Peronospora sparsa

Downy mildew of rose

General

Peronospora sparsa is a plant pathogen that causes plant diseases, such as downy mildew of rose and diseases on blackberries, raspberries and other Rubus species.

Life cycle and appearance of Downy mildew

Pathogens causing downy mildew are not fungi but Oomycetes and related to Pythium and Phytophthora. They survive as oospores. From these oospores or surviving mycelium sporangia are formed, structures in which zoospores are produced. However, in downy mildews, sporangia often germinate directly and the germ tubes infect the plants either through the stomata or directly by penetrating the cuticula. For germination free water is required. For most downy mildews, the optimum temperature is around 15 °C. The closer the temperature is to these 15 °C , the shorter the leaf wetness period that is required for germination.

Inside the plant, the pathogens produce haustoria, small organs with which the pathogen can take up nutrients from the living plant cells. The pathogens continue to grow inside the leaves and after a while new spore-bearing structures are protruding from the stomata. Because there are more stomata on the underside of the leaf, this is where most fluffy symptoms are found. The pathogens are dispersed by air, water and tools. Some species, for example Hyaloperonospora parasitica and Peronospora farinose are assumed to be seed-transmitted (on the outside of the seed). Optimum temperature for germination, infection and sporulation is relatively low, in general between 10 and 20 °C. Late in the season new overwintering oospores are produced and buried in the soil with crop residues. Some species, including Peronospora sparsa overwinter in living host plants like blackberry.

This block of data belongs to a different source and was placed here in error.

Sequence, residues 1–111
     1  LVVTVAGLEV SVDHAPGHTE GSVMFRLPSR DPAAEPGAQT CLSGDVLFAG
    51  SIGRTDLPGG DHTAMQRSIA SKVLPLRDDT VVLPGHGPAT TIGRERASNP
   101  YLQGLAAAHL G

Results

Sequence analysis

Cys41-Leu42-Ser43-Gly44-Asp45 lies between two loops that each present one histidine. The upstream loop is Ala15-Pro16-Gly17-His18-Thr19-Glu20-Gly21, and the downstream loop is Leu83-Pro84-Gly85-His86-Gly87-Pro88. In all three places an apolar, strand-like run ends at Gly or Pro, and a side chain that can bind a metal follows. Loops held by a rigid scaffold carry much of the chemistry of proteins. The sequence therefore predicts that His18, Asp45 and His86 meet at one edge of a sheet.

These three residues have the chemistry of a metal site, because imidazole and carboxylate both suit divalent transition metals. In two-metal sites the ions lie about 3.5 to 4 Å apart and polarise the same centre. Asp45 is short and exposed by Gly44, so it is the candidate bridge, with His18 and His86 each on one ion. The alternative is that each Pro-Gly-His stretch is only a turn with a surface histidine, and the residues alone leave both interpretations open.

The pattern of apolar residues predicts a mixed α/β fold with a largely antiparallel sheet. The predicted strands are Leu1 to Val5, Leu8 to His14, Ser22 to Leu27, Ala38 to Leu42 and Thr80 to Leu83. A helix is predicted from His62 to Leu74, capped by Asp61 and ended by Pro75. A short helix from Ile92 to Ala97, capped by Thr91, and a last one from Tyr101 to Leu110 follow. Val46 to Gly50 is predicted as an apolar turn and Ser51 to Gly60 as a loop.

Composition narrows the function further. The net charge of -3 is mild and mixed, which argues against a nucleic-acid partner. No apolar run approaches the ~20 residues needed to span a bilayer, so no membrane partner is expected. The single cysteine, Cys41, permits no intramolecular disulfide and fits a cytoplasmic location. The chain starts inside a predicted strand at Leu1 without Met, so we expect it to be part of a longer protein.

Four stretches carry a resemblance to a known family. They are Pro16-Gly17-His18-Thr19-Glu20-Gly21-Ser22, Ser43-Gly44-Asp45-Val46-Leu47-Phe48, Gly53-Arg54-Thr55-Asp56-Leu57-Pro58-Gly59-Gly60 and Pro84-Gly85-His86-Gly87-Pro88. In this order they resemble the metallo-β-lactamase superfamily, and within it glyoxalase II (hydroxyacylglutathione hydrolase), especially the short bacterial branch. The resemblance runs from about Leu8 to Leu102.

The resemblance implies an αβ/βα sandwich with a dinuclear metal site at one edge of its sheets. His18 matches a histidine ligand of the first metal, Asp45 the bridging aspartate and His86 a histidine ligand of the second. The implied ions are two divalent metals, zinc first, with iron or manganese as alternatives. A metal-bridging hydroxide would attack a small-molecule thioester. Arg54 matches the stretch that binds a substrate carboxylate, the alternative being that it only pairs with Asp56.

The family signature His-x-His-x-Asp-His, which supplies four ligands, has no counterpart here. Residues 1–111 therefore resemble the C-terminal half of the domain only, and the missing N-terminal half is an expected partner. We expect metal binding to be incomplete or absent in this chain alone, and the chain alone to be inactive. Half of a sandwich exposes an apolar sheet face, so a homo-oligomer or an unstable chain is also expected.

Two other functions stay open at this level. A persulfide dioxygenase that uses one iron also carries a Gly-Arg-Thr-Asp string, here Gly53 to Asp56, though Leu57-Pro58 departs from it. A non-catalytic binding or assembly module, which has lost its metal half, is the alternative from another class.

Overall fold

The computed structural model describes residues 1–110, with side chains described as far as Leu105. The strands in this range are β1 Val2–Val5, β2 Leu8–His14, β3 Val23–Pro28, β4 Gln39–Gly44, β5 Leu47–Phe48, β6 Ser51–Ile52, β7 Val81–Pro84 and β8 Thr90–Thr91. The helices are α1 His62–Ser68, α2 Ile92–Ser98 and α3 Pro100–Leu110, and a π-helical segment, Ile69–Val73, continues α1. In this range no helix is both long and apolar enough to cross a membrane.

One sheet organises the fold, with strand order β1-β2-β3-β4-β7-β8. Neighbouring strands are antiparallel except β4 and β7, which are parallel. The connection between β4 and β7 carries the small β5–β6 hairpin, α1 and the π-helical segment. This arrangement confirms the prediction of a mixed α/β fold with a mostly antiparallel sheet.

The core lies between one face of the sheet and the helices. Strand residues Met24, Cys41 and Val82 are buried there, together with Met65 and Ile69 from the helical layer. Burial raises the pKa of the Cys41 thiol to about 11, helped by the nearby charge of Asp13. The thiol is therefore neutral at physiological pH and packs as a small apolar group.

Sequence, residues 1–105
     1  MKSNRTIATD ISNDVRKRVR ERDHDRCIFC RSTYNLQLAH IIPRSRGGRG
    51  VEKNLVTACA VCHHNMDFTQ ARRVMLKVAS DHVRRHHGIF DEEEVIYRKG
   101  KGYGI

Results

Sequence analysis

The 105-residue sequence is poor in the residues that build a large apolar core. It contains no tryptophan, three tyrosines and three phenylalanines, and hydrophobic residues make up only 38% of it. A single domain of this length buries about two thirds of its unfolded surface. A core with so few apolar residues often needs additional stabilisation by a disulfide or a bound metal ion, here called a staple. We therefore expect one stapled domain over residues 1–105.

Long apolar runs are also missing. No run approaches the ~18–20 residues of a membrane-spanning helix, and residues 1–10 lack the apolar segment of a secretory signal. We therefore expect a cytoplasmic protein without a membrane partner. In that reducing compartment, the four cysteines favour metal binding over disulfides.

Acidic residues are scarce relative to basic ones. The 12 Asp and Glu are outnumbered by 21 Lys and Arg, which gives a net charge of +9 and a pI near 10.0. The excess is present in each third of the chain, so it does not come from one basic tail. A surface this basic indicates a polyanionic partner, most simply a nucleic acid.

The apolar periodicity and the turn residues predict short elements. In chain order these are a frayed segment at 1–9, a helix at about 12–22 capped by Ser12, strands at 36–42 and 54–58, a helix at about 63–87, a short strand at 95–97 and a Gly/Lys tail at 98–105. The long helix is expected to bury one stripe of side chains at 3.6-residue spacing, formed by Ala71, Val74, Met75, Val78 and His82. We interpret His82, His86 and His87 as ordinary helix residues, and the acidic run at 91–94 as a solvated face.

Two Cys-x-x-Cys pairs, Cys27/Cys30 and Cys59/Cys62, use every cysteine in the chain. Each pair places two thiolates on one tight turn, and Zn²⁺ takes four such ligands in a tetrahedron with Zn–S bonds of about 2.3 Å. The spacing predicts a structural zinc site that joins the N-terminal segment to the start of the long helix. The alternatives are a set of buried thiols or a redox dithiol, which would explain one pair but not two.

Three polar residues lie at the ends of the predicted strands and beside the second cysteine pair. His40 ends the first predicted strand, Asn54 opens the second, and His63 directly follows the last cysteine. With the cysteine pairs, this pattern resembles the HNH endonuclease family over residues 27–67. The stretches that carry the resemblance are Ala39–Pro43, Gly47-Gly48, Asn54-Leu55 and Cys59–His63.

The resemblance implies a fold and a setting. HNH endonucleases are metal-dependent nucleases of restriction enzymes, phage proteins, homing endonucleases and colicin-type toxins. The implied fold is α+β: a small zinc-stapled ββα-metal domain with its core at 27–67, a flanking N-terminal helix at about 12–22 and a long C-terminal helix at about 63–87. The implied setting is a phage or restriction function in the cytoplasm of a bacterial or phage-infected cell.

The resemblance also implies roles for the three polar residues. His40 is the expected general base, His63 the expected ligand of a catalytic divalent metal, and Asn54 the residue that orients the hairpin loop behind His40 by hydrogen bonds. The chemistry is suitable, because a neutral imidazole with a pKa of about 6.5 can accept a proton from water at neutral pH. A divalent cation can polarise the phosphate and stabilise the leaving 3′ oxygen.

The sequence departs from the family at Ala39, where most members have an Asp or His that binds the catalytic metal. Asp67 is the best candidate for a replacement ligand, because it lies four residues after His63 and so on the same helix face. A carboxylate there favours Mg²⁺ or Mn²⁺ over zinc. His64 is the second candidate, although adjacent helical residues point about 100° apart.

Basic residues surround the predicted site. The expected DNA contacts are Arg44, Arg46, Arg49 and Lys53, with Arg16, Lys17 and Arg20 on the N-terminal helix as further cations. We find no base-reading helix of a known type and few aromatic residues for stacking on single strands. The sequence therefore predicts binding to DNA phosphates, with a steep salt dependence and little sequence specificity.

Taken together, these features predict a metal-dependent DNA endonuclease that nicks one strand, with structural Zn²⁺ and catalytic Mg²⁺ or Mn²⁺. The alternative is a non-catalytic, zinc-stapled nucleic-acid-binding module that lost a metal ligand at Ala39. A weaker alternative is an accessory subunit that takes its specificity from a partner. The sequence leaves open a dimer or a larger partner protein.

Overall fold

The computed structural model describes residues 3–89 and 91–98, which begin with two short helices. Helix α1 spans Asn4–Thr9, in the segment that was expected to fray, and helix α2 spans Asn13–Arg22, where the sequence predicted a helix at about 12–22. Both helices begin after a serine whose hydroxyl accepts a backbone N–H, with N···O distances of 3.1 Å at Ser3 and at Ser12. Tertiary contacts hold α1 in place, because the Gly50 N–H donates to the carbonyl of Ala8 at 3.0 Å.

Damage symptoms

Downy mildew pathogens infect mostly the leaves but occasionally also stems and fruits. They cause lesions on the upper leaf surface, bordered by the veins, which are first yellow and then turn brown. On the underside of the leaf fluffy growth appears which is first white and later turns grey-brown. This is, in fact, the sporulation of the pathogens extruding from the stomata. In lettuce, the foot is infected first and this causes the plant to fall over. In cabbage the stem is also infected in severe epidemics. In blackberry, red stripes may occur on the stems and petioles due to systemic infection. Early fruit infection may cause early reddening, after which the fruits die and shrivel. Later infections cause the berries to split and one or both parts to possibly shrivel.

How to prevent Downy mildew

  • Choose resistant cultivars
  • Use a wide crop rotation with non-host crops
  • Prevent a humid microclimate. Achieve this by lowering crop density, good aeration during propagation and maintaining a warm and dry climate in greenhouses
  • Use hygiene measures. Start clean, remove crop residues and prevent splashing water

Prevent plant diseases by optimizing plant potential and crop resilience.

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